Composer: Hans Krasa
Lyrics: Adolf Hoffmeister
Conductor: Nicholas Shaw
Director: PJ Harris
It’s difficult to convey the impact of this short programme (barely an hour and a half, including interval), at once joyous and poignant, commemorating the past and looking to the future. It was also a fine example of co-operation between arts organisations. Co-producers Opera North provided the Youth Company, the Royal Northern Sinfonia the musicians.
It is, however, the third arts organisation that is key to the whole enterprise. The Brundibar Arts Festival was founded by Sinfonia violinist Alexandra Raikhlina in 2016 and dedicated to the music and arts of the Holocaust. It takes its name from Hans Krasa’s children’s opera which in many ways symbolises the resilience of the Jewish artistic spirit in the face of torture and death.
Krasa originally wrote the opera in 1938 for a competition that was aborted with the German invasion of Czechoslovakia. It received clandestine performances in an orphanage in 1942, then, when Krasa was imprisoned in Terezin ghetto, a sort of pre-death camp bruited by the Nazis as a model of free artistic life, he reconstructed Brundibar for the instruments available. It was performed 55 times, the final one steeped in tragic irony. The staging was upgraded by the Nazis and filmed by the Red Cross on an inspection visit that turned into a propaganda coup. The deportation of most of the participants, including Krasa, to Auschwitz began in the days and weeks after the performance.
This year’s Brundibar Festival included a performance of the opera, high-spirited rather than light-hearted. Two children, Aninka and Pepicek, need to find milk to help their sick mother recover, but they have no money. They notice the organ-grinder Brundibar is prospering and decide to busk. Brundibar chases them away, so they enlist the services of cats, dogs and birds to overcome the bully. The ending is triumphant, but not conclusive: Brundibar warns them that there will always be another bully coming along, prophetic indeed for the Czech people who went from Nazi persecution to satellite of Stalin.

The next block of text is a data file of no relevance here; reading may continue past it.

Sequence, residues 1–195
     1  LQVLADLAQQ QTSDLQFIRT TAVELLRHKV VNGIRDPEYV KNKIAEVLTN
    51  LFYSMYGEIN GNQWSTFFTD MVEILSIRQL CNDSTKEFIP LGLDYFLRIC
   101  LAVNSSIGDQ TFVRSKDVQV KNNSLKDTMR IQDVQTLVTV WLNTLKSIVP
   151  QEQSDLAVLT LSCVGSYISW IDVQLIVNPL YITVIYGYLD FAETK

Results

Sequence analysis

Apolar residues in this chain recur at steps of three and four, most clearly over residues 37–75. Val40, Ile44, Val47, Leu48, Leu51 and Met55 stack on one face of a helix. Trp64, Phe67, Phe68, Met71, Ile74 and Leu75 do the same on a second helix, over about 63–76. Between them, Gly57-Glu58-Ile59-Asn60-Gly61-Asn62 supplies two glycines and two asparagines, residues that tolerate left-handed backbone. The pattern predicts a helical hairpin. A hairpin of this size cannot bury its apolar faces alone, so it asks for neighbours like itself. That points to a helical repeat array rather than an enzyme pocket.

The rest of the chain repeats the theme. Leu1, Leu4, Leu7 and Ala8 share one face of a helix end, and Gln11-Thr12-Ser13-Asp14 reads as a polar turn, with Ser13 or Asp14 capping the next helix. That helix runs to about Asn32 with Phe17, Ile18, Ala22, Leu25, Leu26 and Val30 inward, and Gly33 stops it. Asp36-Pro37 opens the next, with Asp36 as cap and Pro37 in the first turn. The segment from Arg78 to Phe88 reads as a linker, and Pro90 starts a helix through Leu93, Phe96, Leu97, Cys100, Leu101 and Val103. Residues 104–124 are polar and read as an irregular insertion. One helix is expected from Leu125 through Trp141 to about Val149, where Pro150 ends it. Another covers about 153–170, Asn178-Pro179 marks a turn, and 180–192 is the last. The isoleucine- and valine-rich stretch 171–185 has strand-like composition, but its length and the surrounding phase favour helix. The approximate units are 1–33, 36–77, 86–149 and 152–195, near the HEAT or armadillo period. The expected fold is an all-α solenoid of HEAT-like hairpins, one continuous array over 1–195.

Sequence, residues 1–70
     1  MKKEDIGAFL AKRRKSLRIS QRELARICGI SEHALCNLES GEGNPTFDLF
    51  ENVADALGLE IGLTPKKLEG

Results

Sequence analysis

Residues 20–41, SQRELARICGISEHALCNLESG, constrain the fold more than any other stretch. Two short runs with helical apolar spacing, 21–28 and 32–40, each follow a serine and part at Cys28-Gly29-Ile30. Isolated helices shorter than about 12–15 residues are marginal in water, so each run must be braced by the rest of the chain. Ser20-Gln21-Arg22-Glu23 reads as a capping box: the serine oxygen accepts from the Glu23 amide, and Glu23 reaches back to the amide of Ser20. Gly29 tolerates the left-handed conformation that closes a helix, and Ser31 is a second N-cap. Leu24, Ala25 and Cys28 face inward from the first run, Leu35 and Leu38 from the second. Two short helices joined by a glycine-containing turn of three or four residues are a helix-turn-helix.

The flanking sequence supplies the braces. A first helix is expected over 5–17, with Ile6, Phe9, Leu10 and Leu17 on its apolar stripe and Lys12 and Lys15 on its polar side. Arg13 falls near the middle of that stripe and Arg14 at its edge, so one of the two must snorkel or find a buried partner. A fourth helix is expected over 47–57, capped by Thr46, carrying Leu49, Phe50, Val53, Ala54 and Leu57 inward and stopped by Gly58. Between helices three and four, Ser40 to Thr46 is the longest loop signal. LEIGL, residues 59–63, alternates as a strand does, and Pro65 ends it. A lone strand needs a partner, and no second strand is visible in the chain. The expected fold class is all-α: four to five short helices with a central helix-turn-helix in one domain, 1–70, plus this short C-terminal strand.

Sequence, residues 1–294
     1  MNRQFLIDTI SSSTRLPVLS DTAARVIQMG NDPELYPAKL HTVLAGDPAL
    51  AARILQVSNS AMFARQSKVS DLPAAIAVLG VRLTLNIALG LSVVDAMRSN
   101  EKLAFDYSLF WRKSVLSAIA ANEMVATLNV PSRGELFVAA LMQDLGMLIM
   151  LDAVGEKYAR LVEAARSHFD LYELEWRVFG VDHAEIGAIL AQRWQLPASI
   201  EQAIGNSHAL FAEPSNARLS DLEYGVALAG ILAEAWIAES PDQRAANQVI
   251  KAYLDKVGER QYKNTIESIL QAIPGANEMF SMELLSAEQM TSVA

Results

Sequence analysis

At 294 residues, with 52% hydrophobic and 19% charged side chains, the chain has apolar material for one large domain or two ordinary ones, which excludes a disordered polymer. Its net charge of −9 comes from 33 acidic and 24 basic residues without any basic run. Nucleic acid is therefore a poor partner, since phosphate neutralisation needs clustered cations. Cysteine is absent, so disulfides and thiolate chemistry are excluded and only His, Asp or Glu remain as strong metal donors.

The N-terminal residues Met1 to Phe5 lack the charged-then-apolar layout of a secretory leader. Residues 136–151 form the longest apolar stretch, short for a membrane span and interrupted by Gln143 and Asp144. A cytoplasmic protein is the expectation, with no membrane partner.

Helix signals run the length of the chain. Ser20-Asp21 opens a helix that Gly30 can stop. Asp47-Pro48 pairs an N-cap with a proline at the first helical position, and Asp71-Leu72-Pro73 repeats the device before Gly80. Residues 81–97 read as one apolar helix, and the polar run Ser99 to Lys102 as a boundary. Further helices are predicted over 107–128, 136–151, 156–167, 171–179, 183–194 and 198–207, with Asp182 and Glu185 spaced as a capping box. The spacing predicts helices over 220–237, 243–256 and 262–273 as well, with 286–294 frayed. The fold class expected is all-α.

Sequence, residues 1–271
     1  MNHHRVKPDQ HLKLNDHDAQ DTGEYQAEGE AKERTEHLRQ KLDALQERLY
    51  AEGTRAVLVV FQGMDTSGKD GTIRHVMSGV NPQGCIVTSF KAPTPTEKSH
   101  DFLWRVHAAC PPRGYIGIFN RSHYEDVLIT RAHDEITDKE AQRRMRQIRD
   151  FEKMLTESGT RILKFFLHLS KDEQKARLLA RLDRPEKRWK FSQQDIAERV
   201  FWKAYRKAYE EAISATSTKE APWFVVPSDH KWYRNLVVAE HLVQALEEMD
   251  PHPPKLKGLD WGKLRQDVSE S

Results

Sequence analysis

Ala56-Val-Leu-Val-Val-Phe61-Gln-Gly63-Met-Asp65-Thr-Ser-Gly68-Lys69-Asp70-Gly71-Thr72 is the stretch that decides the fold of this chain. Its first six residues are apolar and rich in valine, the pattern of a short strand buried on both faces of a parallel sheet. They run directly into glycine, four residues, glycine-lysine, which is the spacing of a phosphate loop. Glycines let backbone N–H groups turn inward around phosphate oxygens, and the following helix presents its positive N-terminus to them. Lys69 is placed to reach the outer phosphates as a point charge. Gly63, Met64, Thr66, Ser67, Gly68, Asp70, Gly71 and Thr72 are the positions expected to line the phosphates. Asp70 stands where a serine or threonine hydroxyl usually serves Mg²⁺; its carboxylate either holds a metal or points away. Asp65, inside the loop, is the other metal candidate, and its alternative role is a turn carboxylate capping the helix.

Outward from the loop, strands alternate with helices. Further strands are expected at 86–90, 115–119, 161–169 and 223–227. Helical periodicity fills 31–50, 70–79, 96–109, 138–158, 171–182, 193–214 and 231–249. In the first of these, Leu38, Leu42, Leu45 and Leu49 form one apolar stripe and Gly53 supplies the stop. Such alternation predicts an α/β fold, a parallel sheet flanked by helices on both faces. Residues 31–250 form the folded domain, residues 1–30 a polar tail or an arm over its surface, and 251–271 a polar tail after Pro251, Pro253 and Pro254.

An outstanding performance by the Opera North Youth Company totally captured the freshness and sense of exhilaration in the music. Hazel Read and Scarlett Banks were wonderfully natural as the children, their voices blending beautifully, and Samuel Mills had real stage presence as the menacing Brundibar. A large cast featured many small solo parts (human, animal and inanimate) and, if some of the young voices came over more strongly than others, all shared a winning vitality. The air of fairytale fantasy was boosted by such things as dancing windows.
PJ Harris’ direction imaginatively used the energy and commitment of the young cast and Anna Yates’ designs were colourful and appealing. Nicholas Shaw, Youth Chorus Master at Opera North, blended the voices perfectly and obtained bright and rhythmically flexible playing from a dozen members of the Royal Northern Sinfonia Orchestra, with Milos Milivojevic’s accordion providing the sound of Brundibar’s barrel organ.
Overall the infectious sense of fun heightened the awareness of the tragedy involved – it was impossible not to think of the youngsters nearly 80 years ago whose last moments of pleasure this had been – but for all that the fun was there, a delightful performance of a delightful opera.
The performance of Brundibar was preceded by two works for string trio written by Hans Krasa in Terezin. The programme notes made frequent use of such words as “frantic”, “mania” and “frenzied” which don’t really do justice to their appeal. Tanec is a dance with definite hints of Czech folk music, Passacaglia and Fuga, Krusa’s final work before his deportation to Auschwitz, is more obviously ominous. The opening theme for cello has an eerie sense of doom and the same instrument obsessively drives the closing pages of agonised defiance. Alexandra Raikhlina introduced and led a performance of intense commitment.
Reviewed on January 30th 2022. Brundibar is repeated at the Howard Assembly Room, Leeds on February 7th 2022